KARACHI: Most girls grow up saying that their father is their favourite man in the world. Their dad is their superhero. But not for me. It took me years to fully understand my father and my relationship with him. Being the daughter of a
bipolar father, I had to navigate through various emotions and experiences to get where I am today. Of course, one’s
relationship with desi parents is never a linear process. It changes every moment. For the longest time, my friends and I would joke about having daddy issues. Until they turned into mommy issues as I grew up and went head on with my mother who had subconsciously raised a daughter who knew exactly what she wanted.
But 27 years later and being the only child in the house now, I have come to realize that my dad was never my hero. He was my guardian angel. I was barely two years old when we all went to a water park for a family picnic. My aunt sat me down on the stairs near the pool and looked away for a brief moment. The water was quick enough to pull me in while she was distracted. Apparently I was floating upside down in the pool like they show in the movies before my dad pulled me out thinking I was some random kid who was drowning. He did not know that it was his own daughter that he had saved. And I believe he has been saving me ever since without either of us knowing.
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Being an adult woman in Pakistan is not easy, let alone a woman with strong opinions and ‘bold’ choices who lives with her parents. Naturally, the last few years have been filled with conflict. Between me and my parents. Between who I am and who they want me to be. Between being a good daughter and prioritizing my happiness, for somehow the two can’t seem to coexist.
But most of all, the last few years have been filled with fear. Of not being good enough, of not making the right decision, of not being able to make everyone happy, sometimes not even myself. It was not until last week that I realized that while the world might expect me to be a certain person and act a certain way, all my dad wants me to be is myself.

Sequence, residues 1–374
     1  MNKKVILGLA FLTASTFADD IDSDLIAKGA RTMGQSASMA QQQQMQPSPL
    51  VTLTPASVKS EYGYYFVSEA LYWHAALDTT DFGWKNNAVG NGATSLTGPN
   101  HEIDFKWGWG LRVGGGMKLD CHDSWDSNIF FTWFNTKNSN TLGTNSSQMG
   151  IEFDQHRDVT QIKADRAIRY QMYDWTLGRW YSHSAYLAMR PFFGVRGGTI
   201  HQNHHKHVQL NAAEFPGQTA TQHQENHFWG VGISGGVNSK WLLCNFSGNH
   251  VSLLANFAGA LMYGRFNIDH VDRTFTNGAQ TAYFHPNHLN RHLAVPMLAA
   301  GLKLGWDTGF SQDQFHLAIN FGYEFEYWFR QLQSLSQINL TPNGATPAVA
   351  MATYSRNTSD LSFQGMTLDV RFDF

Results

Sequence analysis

It might not make sense if I say that a coloured wall made me realize that. But it did. You see, we were in the process of getting our house renovated recently. My father let me take the lead with making the renovations. Until it came down to one wall that had to be painted. We had managed to find a middle ground on everything except that one wall. Until dad settled on the colour of my choice. “Apko pasand hai? (You sure you like it?)” I asked him knowing well enough that his choice was quite the opposite.
“Mujhe toh tum pasand ho (I like you)” he replied.
And just like that, it became clear that my dad was going to stand by me in every decision that I took. He was going to trust me with my own choices. It didn’t matter whether the world approved of me or not. Because my dad likes me. Even on days when I’m not too likeable, he respects the person that I am.
Hearing him say those words gave me the confidence that I perhaps needed lately. It walked fear out the door. I could paint the wall any colour I wanted. I can paint my life any colour I want.
And maybe next time, I’ll choose a colour that my dad likes.